January 13, 2012 - Updated on January 20, 2016

Start of 2012 marked by violations of freedom of information in world's biggest democracy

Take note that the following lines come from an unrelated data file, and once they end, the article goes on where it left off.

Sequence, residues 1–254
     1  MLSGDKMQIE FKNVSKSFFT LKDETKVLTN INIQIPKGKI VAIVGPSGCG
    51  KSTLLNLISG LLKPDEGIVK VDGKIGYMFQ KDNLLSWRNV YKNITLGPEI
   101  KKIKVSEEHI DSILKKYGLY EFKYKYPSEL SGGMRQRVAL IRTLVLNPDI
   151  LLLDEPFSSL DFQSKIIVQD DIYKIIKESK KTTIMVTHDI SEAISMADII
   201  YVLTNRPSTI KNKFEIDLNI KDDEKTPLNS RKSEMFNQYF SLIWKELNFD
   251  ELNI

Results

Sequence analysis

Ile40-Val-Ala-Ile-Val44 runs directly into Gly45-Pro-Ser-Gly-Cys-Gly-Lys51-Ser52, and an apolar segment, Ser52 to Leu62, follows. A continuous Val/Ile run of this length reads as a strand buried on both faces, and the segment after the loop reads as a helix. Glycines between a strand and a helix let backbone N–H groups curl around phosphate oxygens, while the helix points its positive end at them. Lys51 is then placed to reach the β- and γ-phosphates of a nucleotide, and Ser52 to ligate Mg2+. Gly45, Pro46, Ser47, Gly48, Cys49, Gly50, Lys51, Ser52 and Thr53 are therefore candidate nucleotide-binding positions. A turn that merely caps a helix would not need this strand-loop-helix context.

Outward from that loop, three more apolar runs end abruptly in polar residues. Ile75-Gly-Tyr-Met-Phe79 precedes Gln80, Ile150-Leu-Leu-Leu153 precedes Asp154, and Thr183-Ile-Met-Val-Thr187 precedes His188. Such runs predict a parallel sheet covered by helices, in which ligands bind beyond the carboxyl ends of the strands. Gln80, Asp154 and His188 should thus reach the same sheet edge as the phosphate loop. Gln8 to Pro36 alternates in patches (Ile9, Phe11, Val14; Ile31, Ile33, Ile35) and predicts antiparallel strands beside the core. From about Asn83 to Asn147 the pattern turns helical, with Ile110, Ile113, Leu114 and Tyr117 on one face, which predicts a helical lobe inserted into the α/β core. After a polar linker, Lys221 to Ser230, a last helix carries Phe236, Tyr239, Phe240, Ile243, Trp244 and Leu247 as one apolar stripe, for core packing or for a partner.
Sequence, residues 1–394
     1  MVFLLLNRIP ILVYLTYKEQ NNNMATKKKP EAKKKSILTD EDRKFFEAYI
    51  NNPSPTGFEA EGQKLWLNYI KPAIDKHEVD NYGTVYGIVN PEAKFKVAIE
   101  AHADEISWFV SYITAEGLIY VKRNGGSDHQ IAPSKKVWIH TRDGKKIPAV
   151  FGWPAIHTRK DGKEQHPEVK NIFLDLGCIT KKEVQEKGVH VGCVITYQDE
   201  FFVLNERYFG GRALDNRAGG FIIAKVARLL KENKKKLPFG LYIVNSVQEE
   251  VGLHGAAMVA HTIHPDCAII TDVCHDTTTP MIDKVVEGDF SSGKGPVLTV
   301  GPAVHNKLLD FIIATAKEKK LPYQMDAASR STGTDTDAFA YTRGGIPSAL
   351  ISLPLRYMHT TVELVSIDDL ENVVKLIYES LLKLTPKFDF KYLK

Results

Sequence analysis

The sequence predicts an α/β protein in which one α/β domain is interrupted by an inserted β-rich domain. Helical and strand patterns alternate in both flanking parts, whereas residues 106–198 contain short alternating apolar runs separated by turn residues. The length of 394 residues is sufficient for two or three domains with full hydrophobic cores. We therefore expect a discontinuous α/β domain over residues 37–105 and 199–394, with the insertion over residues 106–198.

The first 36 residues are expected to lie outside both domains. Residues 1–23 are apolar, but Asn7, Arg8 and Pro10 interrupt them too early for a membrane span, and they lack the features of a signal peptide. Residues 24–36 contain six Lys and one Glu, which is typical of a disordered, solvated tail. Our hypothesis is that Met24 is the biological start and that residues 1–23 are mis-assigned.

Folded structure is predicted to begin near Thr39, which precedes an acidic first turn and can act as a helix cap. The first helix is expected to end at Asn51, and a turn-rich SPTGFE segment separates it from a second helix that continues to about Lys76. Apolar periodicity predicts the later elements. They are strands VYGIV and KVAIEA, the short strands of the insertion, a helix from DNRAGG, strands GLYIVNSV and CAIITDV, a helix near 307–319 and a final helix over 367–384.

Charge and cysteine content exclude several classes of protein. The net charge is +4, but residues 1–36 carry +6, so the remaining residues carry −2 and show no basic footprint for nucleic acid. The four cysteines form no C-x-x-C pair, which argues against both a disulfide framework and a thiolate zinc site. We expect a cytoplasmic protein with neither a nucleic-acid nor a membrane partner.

Reporters Without Borders is concerned about a series of breaches of press freedom and attacks on journalists since the start of the year. “We call on the central government to respond as quickly as possible to abuses by local authorities and officials towards the press. It is also essential that the authorities scrap their policy of monitoring the Internet, which is disproportionate and jeopardises press freedom,” the organization said. Unwarranted desire to control the Internet The authorities are stepping up their censorship of the Internet. A judge in the New Delhi High Court said yesterday he would not hesitate to block any sites that failed to crack down on offensive content, “like in China”. Reporters Without Borders said: “This statement confirms our fears. For several months the Indian government has undertaken several initiatives with worrying implications for Internet freedom. “Requiring websites to remove all offensive material is an impossible task. Some sites could well take the easy way out and block access by all Indian visitors -- who can be identified by their IP addresses -- or by installing a disproportionate filtering system. “We urge the government not to enact any repressive legislation and we recall that Frank La Rue, the U.N. special rapporteur on the promotion and protection of the right to freedom of opinion and expression, has come out against excessive regulation of the Internet. On 23 December last year, a New Delhi civil court had summoned 21 websites, including the Indian affiliates of Facebook, Google and Yahoo! for distributing “obscene and lascivious” content and ordered them to remove it by 6 February. Google India filed a complaint on 11 January with the High Court in New Delhi, arguing that as a distributor for Google Inc., it does not have its hands on all content posted by Google, YouTube, Orkut and Blogger in India. Furthermore, this would be humanly impossible – for example, 48 hours of video is posted on YouTube every minute. Filtering offensive content has been a recurring theme for some time. Kapil Sibal, the minister of communications and information technology, said on 6 December that the government would implement guidelines and mechanisms to prevent content that was offensive, i.e. defamatory, pornographic or containing anything illegal, being posted online. In the last quarter of 2011, talks were held with the heads of the Indian subsidiaries of Google, Facebook Yahoo and Microsoft. The minister hoped to get them to follow a policy of self-regulation, meaning that all content published on their sites would in future be subject to preview and prior approval before publication. Last April, the government approved what it called “IT Rules 2011” which require Internet companies to withdraw any banned content within 36 hours of notification by the authorities. The authorities have already clamped down on several websites, such as “Cartoons Against Corruption” ( run by anti-corruption cartoonist Aseem Trivedi, who complies humorous drawing criticising corruption. In a letter dated 27 December, the company that hosts it, Big Rock, informed Trivedi that the site was being closed down because of content that insulted the Indian flag and national emblem. The closure was a result of a complaint filed by a lawyer, R.P. Paney, with the Mumbai criminal department. Police ordered Big Rock to remove the “obscene” drawings. The hosting company has made no comment on why it closed down the entire site. The 2005 State Emblem of India Act bans any use of the national emblem on pain of two years’ imprisonment or a fine of 5,000 rupees. The cartoonist has said he will continue to campaign against corruption and has moved his drawings to a new website. Mobile firms forced to co-operate with the authorities? The Wall Street Journal disclosed at the end of October that the Canadian company Research in Motion had established a “surveillance centre” in Mumbai. Indian authorities can send requests to the centre to obtain decoded messages exchanged by “suspicious” users of the BlackBerry Messenger chat service. The company said this was done on a case-by-case basis and it did not affect the BlackBerry Enterprise Server business service. Reporters Without Borders cautions the Indian authorities against any abuses and reminds them that users have a right to protection of private communications and personal information. Censorship and attacks on journalists Since October 2011, five newspapers in Jammu and Kashmir state - Kashmir Times, Greater Kashmir, Rising Kashmir, Buland Kashmir and Ethlaata - have all been deprived of government advertising. As a result of a decision by the interior ministry, and based on an editorial line alleged to be hostile to the country, more than 30 federal ministries and public bodies have been ordered to stop all advertising and financial support for these newspapers. Authorities have been taking a harder line with the media in the state ever since demonstrations in summer 2010, whose coverage was deemed provocative. In Chennai in Tamil Nadu state, the offices of the Tamil-language bi-weekly Nakkheeran were attacked by supporters of the All India Anna Dravida Munnetra Kazhagam party on 7 January, after it published an article on the party leadership. Armed with sticks and bottles, the attackers damaged vehicles belonging to the newspaper. Two employees, Anbumani and Sikavumar, respectively computer specialist and security guard, were injured. The editor, Gopal, said police were present during the attack. Members of the party set fire to copies of the paper at several places in Tamil Nadu. The water supply to the magazine’s office was also cut off. In Chhattisgarh and Madhya Pradesh states, powerful local officials have been putting pressure on cable operators, forcing them to block television stations that broadcast negative reports about them. On 19 December, the Supreme Court intervened to allow the station Etv Madhya Pradesh/Chhattisgarh to resume broadcasting after it was taken off the air by local operators. The commercial station was blacked out on 11 December after it broadcast a report on the influence of the head of the local government, Raman Singh, in allocating mining concessions in the neighbouring state of Madhya Pradesh. The operators said the order came from senior government officials. Moreover, during a press conference, Singh made threats against anyone who published or spread the story. The station rejected allegations of blackmailing the government in order to obtain more revenue from advertising. In the states of Maharashtra, Uttar Pradesh and Karnataka, cable operators have been subjected to similar pressure. In Chhattisgarh, the newspaper Patrika has also been the target of pressure from the government to have a report on Singh and his associates withdrawn. Members of the ruling party set fire to copies of Patrika. After the report appeared, between 40 and 50 complaints were filed against the newspaper. In Dantewada in the south of the state, Bappi Ray, a journalist for the TV station Sahara Samay, was harassed by the authorities after interviewing a farmer who was beaten by the district collector O.P. Choudhary, against whom he had made a complaint to the police. Finally, as a result of political pressure on 9 December, two Marathi-language stations, IBN Lokmat and Star Majha in Nashik and Mumbai in Maharashtra state were censored after they broadcast a report linking the public works minister, Chhagan Bhujbal, to the allocation of a contract to a company that had donated to a foundation that he runs.